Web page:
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Ocular Genetics

Affiliated with the University of MelbourneUniversity of Melbourne Logo

Lead Researcher: Professor Paul Baird

CERA’s Ocular Genetics Research focuses predominantly on genetic studies of age-related macular degeneration (AMD) and refractive error to establish how genetic changes are involved in these diseases. We have a patient database of more than 30,000 patient samples in which to undertake our genetic studies as well as a large amount of epidemiological data that enables us to look at how genes interact with our environment. The aim of our research is to translate our findings into improved patient care, to slow progression of disease or prevent disease onset with the ultimate aim of personalising treatment.

Current Research

Family linkage analysis

  1. Myopia linkage analysis – three large families collected as part of the Genes in Myopia (GEM) study were genotyped; the largest containing 35 people with 18 affected with myopia. Genotyping is a process where a patient’s DNA is mapped and every gene is recorded.
    Linkage analysis followed by fine mapping has allowed us to narrow the myopia gene-containing region to 0.8cM (~ 800,000 base pairs) on chromosome 2 in these families. Identification of the causative genetic variant in these families is being undertaken.
  2. Linkage analysis in AMD families – sixty-five AMD families have undergone whole genome linkage analysis. A number of linkage signals are being followed up in a larger collection of AMD families.

SNP analysis

  1. We have reported association of single nucleotide polymorphisms (SNPs) in the hepatocyte growth factor (HGF) with myopia and these findings have been replicated in an Asian population as well as a US Caucasian population. This is the first gene to be replicated in myopia in different ethnicities. In addition, we have also reported the association of this gene with hypermetropia, the first time that a gene has been implicated in this type of refractive error. Studies to explore how this gene influences refraction are being undertaken.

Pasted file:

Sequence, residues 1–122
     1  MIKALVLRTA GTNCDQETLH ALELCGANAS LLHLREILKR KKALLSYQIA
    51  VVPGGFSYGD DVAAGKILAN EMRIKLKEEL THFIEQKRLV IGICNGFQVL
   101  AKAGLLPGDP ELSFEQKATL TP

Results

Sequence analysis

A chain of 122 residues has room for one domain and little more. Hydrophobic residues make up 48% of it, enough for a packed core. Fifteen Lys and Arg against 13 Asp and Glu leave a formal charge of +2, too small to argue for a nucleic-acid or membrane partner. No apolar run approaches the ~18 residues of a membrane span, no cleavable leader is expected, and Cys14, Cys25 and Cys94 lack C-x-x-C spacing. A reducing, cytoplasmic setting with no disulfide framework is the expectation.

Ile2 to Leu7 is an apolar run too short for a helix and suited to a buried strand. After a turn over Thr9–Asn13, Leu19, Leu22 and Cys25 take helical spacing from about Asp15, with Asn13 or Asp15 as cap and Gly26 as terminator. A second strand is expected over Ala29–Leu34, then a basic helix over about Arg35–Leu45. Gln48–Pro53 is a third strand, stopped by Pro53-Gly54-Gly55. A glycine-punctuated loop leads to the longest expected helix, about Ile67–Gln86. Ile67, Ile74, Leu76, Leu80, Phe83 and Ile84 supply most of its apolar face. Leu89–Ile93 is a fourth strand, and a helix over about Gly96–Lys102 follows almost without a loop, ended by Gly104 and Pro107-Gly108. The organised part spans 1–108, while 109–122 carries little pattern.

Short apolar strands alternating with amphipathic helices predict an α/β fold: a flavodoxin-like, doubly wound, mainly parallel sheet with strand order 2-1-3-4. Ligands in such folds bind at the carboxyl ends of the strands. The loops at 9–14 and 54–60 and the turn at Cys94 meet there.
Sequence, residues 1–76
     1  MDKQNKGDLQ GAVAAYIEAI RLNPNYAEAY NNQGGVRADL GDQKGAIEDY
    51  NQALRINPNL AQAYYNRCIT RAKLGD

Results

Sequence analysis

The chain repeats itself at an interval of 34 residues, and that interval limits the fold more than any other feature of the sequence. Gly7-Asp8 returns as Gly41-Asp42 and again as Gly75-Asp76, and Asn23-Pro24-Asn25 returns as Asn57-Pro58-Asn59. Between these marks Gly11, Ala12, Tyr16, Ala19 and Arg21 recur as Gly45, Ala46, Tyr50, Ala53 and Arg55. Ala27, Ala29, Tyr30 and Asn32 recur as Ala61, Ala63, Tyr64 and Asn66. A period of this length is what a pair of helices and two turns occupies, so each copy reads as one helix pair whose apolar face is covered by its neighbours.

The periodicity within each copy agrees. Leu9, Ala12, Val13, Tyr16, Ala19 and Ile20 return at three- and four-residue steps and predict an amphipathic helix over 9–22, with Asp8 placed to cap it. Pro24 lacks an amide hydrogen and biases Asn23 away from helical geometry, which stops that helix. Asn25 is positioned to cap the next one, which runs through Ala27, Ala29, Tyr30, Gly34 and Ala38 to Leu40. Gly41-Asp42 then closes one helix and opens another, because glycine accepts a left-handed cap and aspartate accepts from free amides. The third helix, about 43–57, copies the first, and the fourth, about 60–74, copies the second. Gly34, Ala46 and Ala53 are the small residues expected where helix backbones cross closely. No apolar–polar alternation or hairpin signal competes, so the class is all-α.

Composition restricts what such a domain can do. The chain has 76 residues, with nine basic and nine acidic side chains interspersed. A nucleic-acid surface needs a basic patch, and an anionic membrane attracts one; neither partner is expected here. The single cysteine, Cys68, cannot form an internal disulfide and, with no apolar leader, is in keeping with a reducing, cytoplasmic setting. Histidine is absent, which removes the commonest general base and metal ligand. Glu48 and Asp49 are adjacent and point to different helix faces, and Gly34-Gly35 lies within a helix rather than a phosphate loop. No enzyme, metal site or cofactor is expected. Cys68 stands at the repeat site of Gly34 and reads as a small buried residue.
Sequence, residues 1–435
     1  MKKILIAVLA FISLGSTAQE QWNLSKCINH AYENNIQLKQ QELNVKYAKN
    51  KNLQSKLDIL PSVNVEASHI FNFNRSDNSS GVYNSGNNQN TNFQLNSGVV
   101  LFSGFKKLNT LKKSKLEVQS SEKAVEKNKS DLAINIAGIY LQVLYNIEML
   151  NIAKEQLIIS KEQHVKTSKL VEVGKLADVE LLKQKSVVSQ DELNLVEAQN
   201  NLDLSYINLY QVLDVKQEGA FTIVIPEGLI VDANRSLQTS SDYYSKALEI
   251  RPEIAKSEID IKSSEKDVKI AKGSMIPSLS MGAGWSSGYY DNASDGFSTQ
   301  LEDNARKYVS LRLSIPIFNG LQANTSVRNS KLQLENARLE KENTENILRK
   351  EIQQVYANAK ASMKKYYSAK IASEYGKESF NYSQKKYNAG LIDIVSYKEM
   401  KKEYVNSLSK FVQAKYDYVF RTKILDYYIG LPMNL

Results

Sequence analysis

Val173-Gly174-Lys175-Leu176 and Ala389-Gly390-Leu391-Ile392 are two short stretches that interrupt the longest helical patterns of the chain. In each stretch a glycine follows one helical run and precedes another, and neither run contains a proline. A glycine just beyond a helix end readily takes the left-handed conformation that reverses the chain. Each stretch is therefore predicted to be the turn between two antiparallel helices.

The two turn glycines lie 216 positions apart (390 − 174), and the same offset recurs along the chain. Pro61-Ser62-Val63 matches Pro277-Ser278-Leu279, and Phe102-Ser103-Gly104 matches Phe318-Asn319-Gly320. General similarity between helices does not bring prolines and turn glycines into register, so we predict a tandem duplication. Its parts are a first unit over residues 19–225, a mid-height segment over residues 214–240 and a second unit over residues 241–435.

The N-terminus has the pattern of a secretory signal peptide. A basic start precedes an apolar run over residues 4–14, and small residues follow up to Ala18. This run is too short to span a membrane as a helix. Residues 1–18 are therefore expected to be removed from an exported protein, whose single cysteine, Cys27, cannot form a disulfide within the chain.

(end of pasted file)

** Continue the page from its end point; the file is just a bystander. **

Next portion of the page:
2. Risk assessment chip – this study involves the development of a risk assessment chip. This is being accomplished through standardisation of Indian and Australian AMD patient repositories, identification of a common molecular signature (haplotypes) for the complement (and other known AMD risk genes) and correlate these with clinical phenotype and progression. Genome-wide association study data has been obtained from both Australian and Indian case and control samples to allow detection of genetic variants.
  3. Progression of AMD and disease subtypes – this study aims to characterise the rate of AMD disease progression from intermediate and dry (geographic atrophy) disease to late stage disease through assessment of a number of AMD risk genes, age of disease onset and rate of disease progression. We will also undertake studies in subtypes of AMD.
  4. Pharmacogenomics and predictors of outcome in response to Anti-VEGF (ranibizumab or Lucentis). Genotyping of known AMD risk genes is being undertaken as well as other clinical factors to assess the impact that they have on treatment outcome in AMD patients.

Genome wide studies

  1. Genome wide association studies are being undertaken to allow detection of genetic variants, quantitative trait loci as well as copy number changes on the population based Blue Mountains Eye Study (BMES) and in our GEM twin cohort.
  2. Genome wide expression studies aim to assess their impact on disease. This is being undertaken in identical twins who are discordant for a number of different measures.

Analysis of gene environmental factors

AMD and obesity – over 20,000 individuals from the Health 2000 population-based study are being analysed to explore the influence of five different measures of obesity on AMD. The cohort is being assessed and genotyping in over 25 genes is currently underway to establish how genes and obesity are involved in this disease.